Embedding Career Readiness into Your Course Curriculum


  • Raechel Timbers George Mason University
  • Saskia Clay-Rooks George Mason University




career services, career readiness, experiential learning


The university's 10 year strategic plan charges us to produce 100,000 career-ready graduates. But, what does it mean to be career-ready?à In 2015, the National Association of Colleges and Employers (NACE) released a comprehensive definition of career readiness and related competencies with the goal of providing higher education leaders, policy makers and employers shared language and understanding of the desired learning outcomes for today's college graduate.à The NACE career readiness competencies are intentionally broad in order to be applied successfully by faculty across all disciplines to prepare students for entry into today's interdisciplinary workplace and academy.à It is commonly accepted that students are more likely to be engaged in course content and achieve academic success necessary to graduate if they can identify and articulate the connection between what they are learning in the classroom and their desired post-graduate goal, whether to enter the workforce or go on for advanced study. In this presentation, representatives from University Career Services will provide an overview of the NACE career readiness competencies and ideas for how to more intentionally and explicitly tie them to classroom learning.à Presentation attendees will be able to:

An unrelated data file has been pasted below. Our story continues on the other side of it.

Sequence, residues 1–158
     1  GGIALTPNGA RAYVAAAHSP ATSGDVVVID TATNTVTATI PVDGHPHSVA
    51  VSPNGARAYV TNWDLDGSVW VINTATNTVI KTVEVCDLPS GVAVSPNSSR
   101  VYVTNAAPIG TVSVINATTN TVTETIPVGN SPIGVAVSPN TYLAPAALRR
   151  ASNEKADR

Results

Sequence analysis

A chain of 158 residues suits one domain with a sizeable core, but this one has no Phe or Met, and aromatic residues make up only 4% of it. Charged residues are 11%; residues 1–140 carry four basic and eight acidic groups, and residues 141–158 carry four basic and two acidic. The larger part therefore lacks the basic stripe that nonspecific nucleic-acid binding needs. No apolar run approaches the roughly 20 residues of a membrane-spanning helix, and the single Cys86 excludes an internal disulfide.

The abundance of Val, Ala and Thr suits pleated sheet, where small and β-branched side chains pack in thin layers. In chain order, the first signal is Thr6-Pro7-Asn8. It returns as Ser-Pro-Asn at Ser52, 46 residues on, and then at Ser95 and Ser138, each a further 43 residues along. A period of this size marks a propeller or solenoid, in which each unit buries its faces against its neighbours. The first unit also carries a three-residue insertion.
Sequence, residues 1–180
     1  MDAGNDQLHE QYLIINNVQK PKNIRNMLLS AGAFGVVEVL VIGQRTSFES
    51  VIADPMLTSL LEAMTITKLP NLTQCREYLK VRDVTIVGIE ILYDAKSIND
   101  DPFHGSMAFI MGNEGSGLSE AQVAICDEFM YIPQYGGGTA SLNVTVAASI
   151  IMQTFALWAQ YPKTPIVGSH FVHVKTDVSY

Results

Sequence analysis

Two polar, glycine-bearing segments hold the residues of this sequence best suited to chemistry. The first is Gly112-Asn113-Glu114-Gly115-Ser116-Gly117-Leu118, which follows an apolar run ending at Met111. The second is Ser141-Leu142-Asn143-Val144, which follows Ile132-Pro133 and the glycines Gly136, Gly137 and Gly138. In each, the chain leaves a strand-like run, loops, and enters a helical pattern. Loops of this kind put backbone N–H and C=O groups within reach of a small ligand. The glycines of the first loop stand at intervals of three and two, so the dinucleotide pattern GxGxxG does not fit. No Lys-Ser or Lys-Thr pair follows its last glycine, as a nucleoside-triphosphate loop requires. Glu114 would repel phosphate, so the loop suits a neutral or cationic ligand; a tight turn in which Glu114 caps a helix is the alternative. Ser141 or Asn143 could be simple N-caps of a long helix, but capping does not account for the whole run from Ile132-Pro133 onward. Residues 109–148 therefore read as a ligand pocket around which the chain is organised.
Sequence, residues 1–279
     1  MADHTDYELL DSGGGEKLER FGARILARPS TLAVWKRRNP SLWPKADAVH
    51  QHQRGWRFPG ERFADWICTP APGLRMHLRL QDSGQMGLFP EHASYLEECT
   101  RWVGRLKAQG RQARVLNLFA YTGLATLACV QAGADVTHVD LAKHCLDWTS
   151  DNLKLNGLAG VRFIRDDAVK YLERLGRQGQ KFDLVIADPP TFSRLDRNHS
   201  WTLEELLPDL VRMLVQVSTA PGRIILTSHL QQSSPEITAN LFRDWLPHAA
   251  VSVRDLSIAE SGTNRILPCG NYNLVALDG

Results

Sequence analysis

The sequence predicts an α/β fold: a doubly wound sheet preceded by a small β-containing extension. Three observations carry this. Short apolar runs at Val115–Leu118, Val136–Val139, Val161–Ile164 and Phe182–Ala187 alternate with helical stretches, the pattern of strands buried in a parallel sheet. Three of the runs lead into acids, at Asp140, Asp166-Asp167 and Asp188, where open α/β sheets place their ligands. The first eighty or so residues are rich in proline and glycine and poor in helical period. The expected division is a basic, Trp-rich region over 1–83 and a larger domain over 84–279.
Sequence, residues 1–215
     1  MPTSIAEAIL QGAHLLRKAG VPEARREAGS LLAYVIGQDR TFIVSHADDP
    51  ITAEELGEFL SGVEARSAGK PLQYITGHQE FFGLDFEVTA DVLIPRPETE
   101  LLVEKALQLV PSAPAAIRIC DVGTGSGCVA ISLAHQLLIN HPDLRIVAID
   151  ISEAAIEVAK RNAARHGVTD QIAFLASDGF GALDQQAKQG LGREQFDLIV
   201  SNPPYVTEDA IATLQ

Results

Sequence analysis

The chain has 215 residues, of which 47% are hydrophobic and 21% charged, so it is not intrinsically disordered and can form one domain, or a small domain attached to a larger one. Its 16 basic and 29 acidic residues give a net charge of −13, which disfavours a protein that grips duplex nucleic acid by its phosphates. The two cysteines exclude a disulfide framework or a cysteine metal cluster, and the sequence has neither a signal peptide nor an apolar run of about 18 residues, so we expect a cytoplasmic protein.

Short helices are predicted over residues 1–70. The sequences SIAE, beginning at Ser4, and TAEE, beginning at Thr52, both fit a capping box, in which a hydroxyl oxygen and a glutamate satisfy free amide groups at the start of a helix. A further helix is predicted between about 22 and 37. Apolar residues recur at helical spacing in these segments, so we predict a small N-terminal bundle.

1.ààààà Map existing course assignments to the career readiness competencies

2.ààààà Identify low effort and high impact methods for adding or enhancing current assignments that map to the career readiness competencies

3.àààààà Help students articulate the career readiness competencies gained through coursework


Author Biographies

Raechel Timbers, George Mason University

Associate Director, Student Professional Developmentà
University Career Services à

Saskia Clay-Rooks, George Mason University

Director, University Career Services